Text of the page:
6-on-6: February-March 2022


Lily Kuonen

Kuonen took six months to finish her piece (featured in the Art department’s section).


Every issue, our 6-on-6 section features six short articles for each of our six academic departments. Read about each academic section below:

Math: Bolles adds up for math teacher Mr. Gomez — Ava Cheng

“Originally I wanted to be Spider-Man. But when I saw that wasn’t gonna work out…”

Around twenty years ago, Santiago Gomez switched to a math major and got his degree, deciding teaching would be a better superpower.

Gomez began teaching homeschooled teenagers while he was in college. “It wasn’t like I loved math. I liked that it made sense and was logical, and I liked the way of thinking it trains your mind to do.”

Gomez moved from Santa Rosa Valley, an hour south of San Francisco.

At the time, teachers were in short supply. “Before I even had a credential, they hired me to start working Campbell District. And I worked there until four weeks ago,” Gomez said.

Moving to a new school can be difficult, even more so as a teacher moving across the country in the middle of the year. Still, Gomez is keeping a positive attitude as he adjusts. “Bolles is great…I just came in here, met everybody and we did some non-math days because I didn’t know exactly what we were doing just yet. But the next day I figured out what we were doing, and we started doing it.”

Overall, teaching remains the same for Gomez, despite a few changes. “The job itself is the same, just different classes, part of the country. It’s figuring out stuff on the back end the students don’t see. I’m always kind of working on that, but the teaching part? It’s the same thing.”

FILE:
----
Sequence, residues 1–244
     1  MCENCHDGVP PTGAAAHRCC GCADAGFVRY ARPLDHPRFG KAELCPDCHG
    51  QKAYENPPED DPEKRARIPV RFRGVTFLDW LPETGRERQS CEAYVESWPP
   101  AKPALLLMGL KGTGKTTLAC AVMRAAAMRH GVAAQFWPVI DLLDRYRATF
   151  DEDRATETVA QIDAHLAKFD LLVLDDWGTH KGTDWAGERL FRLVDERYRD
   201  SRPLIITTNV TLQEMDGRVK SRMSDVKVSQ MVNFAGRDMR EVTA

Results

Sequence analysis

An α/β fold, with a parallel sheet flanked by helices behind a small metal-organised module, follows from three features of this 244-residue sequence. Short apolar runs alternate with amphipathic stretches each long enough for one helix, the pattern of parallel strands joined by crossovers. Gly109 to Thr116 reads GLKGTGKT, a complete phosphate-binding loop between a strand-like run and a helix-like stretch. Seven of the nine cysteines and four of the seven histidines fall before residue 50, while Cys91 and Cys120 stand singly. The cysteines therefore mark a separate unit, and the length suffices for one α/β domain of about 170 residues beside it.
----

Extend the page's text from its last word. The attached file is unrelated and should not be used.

Science: Fletcher finds her new teaching home — Sara Wasserman

Ms. Fletcher grew up in Jacksonville, on and around the water. Fletcher said her passion for all facets of biology have pushed her to grow as a teacher and a scientist.

Outside of school, the new Biology teacher loves to spend time with her family, specifically her nieces and nephews. Additionally, she loves to spend time with her 14-year-old King Charles and Long-Haired Daschund mix, Vicky, “definitely the queen of her castle.”

Fletcher describes teaching as an important opportunity to prepare students for the world and future.

“I think the opportunity to allow students to learn how to critically think is so important … You really learn how you can make your impact, whatever that may be” Fletcher said. “So, whether that’s becoming a journalist, or whether that is in science, or just in the way you interact with your fellow human beings.”

Fletcher’s experience in marine biology grew at University of North Florida, where she had the opportunity to work with aquatic toxicology in her master’s program. After the BP oil spill, she took part in researching the conditions of the environment and wildlife after the spill.